30% Still Purchase Downloads

According to Music Watch, one third of US consumers continue to purchase downloadable music, even as streaming sales rise.  Recording Industry Association of America recently released data showing that paid downloads made up for 37 percent of U.S. music revenues, while streaming only created 27 percent.

And while this trend continues, shifts have been seen in the market shares as well. As calculated by music watch “While 7 out of 10 music download buyers shopped at music download leader iTunes last year, the company also ceded market share to Amazon MP3 and Google Play” with Amazon and Google accounting for 19% and 11% respectively.

For details see the entire report at Music Watch

2014 Showed Dip in Sales

Although 2014 saw strong growth in music streaming, dips in music sales, both physical and digital led to a drop in music revenue as a whole. According to the International Federation of the Phonographic Industry’s (IFPI) annual “Digital Music Report”  global music industry sales in 2014 fell 0.4 percent to $14.97 billion, however many executives are optimistic.

According to Billboard “global digital revenues grew 6.9 percent to $6.85 billion in 2014, with revenues generated by subscription services alone climbing by 39 percent year-on-year, to total $1.57 billion. That growth was, however, offset by an 8.1 percent drop in physical sales and an 8 percent fall in download sales.“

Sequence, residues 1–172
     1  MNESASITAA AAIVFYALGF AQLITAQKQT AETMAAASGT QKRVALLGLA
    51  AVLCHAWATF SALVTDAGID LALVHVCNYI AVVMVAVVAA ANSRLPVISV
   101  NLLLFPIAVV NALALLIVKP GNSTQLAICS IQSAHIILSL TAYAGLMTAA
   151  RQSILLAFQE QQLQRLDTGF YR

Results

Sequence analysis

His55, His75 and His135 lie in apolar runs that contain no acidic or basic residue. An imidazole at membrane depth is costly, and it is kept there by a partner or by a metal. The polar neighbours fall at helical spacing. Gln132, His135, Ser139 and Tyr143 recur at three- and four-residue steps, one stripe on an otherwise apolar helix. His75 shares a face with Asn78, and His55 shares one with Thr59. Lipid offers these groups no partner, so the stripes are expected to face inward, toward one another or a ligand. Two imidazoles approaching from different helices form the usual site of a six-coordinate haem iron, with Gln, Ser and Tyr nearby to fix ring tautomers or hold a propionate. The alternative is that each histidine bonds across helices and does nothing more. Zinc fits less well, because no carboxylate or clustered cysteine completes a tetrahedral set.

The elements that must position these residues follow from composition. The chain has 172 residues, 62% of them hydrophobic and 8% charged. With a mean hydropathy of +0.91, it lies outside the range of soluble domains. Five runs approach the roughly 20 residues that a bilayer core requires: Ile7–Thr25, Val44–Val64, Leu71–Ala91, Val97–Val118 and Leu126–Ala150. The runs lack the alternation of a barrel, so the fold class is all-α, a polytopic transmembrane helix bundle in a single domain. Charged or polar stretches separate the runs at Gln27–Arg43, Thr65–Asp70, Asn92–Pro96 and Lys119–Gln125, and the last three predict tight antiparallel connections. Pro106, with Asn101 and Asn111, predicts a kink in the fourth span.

This has been the second year of falling music sales since 2012’s 0.3 revenue increase (which had been the first year of growth since 1999.)

For the full article, see Billboard.com

Fair Play Fair Pay Act

Congress members, Jerrold Nadler and Marsha Blackburn have introduced a bill addressing various issues surrounding licensing digital music as well as requiring radio stations to pay royalties to performing artists. The bill dubbed, Fair Play Fair Pay Act, would create a new federal copyright law for “terrestrial performance right for sound recordings,” which would enforce songwriters and artists to be paid for works played on radio.

In addition, Fair Play Fair Pay Act would change how royalty rates are set for satellite and internet music providers. In a statement by Mr. Nadler, he said “The current system is antiquated and broken… It pits technologies against each other and allows certain services to get away with paying little or nothing to artists.”

While the bill has a good amount of support by many areas of the industry, not all are in favor. In a statement issued by the The Free Radio Alliance, they opposed the act stating, “The performance tax legislation introduced by Rep. Jerrold Nadler is mostly a patchwork of past proposals, which have failed to pass Congress previously. It’s ironic that the only thing the music industry seems to be able to agree upon is taking more money from others, like radio stations, for themselves.”

For more information on the Fair Play Fair Pay Act go to Billboard or The New York Times